From here we learn about the continuity of God’s service. The night continues the offerings of the day, and the first thing in the morning is the continuation of yesterday’s service. So too, one must see their relationship with the Almighty as ongoing. Every prayer is a continuation of the one before, from a different perspective of life than before.


The fact that the Kohen changes his clothes to take out the ashes teaches us the importance of dress. “The garments one wears to cook for the master, are not the same as when serving him,” say the Sages.

In other words, “clothes make the man and man makes the clothes,” and we must dress appropriate to the occasion. For example, we wear special clothes on Shabbat and proclaim that our dress and food are “in honor of Shabbat.”

We might ask, how is wearing special clothes and eating specially-prepared foods considered in honor of Shabbat — and not in honor of myself?! The answer is that by dressing and eating differently on Shabbat, we become more honorable people, and then the honor we give to Shabbat is a greater honor.

Think of it like this: If the Queen of England is coming to your restaurant, will the waiter wear jeans or a tuxedo? The garments of the waiter make him more honorable (at least superficially), which gives honor to the queen.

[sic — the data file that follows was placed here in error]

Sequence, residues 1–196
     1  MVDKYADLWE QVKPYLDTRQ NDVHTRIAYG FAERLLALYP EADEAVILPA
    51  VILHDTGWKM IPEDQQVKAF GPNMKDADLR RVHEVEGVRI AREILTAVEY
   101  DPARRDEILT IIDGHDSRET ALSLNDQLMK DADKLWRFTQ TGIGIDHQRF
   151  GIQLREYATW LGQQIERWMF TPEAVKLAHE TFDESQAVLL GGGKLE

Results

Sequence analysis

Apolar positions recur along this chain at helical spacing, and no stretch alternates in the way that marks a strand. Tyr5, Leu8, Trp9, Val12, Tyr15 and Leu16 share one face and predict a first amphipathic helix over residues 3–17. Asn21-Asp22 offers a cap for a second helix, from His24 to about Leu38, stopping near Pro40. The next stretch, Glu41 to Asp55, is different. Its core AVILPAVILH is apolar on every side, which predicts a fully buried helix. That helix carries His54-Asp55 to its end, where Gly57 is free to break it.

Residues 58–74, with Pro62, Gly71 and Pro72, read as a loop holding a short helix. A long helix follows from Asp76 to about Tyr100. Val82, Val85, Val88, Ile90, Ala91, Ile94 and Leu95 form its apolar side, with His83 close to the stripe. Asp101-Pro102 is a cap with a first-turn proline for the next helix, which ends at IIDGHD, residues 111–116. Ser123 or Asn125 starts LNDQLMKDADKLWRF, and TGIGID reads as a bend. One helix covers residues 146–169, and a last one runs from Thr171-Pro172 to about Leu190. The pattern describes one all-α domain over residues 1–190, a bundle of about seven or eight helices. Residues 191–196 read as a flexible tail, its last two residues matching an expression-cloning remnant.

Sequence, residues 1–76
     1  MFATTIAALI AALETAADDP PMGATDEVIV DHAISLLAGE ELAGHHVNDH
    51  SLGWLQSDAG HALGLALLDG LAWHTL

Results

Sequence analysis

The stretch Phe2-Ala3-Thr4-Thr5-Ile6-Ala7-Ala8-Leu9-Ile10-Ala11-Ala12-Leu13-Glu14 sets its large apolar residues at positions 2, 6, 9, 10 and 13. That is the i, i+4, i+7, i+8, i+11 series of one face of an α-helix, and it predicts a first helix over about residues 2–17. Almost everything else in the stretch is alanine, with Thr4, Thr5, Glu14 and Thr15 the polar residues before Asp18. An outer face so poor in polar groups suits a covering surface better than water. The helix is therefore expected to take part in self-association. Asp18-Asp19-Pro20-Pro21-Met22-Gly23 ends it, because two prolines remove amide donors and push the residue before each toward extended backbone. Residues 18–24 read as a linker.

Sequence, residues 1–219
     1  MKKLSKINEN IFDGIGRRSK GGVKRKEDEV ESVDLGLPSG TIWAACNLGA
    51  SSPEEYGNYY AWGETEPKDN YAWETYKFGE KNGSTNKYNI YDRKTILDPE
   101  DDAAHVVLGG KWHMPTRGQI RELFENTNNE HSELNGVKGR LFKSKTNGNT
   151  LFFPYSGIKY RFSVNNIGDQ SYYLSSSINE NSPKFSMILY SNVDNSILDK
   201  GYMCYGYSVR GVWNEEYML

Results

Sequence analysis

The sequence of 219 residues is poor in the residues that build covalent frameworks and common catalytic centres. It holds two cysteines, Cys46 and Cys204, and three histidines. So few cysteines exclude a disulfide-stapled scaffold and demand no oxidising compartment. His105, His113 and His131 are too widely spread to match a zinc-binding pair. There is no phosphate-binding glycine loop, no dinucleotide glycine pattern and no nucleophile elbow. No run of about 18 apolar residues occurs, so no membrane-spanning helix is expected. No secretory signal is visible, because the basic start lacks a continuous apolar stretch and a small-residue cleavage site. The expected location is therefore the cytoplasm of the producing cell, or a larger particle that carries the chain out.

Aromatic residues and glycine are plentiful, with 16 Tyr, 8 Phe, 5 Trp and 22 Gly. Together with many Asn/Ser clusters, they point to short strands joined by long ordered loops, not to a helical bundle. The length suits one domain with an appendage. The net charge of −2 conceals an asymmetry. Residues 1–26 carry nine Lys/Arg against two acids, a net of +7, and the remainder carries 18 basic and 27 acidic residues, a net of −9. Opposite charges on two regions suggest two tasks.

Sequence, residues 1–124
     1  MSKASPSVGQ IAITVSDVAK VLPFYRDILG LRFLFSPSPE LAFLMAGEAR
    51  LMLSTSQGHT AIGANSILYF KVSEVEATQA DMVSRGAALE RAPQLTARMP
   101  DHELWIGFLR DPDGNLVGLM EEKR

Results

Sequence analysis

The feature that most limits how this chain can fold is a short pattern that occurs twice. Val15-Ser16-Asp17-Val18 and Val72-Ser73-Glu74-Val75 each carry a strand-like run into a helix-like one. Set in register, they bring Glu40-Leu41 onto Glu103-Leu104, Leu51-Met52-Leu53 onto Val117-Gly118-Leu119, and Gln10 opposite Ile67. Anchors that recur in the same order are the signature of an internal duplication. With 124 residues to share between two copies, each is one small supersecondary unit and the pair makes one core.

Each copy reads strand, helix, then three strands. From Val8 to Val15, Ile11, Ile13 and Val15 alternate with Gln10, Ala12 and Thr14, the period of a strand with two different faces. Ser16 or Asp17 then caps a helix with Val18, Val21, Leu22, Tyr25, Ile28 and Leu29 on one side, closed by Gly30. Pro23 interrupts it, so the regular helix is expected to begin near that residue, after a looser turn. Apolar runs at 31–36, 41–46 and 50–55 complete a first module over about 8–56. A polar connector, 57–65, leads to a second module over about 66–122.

The Parsha describes the details of the Burnt Offering, using the term “this is the Torah of the Burnt Offering.” (It also describes the details of other offerings using the same expression.) The simple translation is: “These are the laws (Torah) of the Burnt Offering.”

Yet the Sages understand this wording to imply something more: Even when we don’t merit the actual offerings (such as today when we don’t possess a Temple), we can still bring “offerings” in a metaphysical sense by studying their laws. As the Talmud says: Whoever delves into (studies) the Torah of the Burnt Offering, is considered as if he actually sacrificed one.”

The reason, of course, is that anyway the point of offerings is not the blood of the animal, rather it is the feeling of closeness to God that comes from appreciating its meaning. Although we now lack the vivid emotional impressions of the actual sacrifice, we can still use our imagination and intellect to achieve the desired effect.


Every Kohen, at his first day on the job, brought a grain offering that was burned entirely. (The High Priest brought an offering every day.) Why was it all burned? Because if it was eaten by the Kohen like other meal offerings, it would look as if he’d only fed himself!

Why does the Kohen bring a grain offering, and not a big, expensive animal? In order to demonstrate the importance of the grain offering that poor people would bring. Since the Kohen brings the same offering, it helps to bolster the poor person’s self-esteem.


One of the kosher laws is that certain animal fats may not be eaten, because they were specially designated to be offered on the altar.

The prohibition of eating blood is also connected to the sacrifices. (In another place, the reason is given because blood contains the “soul of the animal.”) Symbolically, the blood of the animal represents the life of the person who brings the offering, and is sprinkled on the altar to represent dedicating one’s life to the Almighty.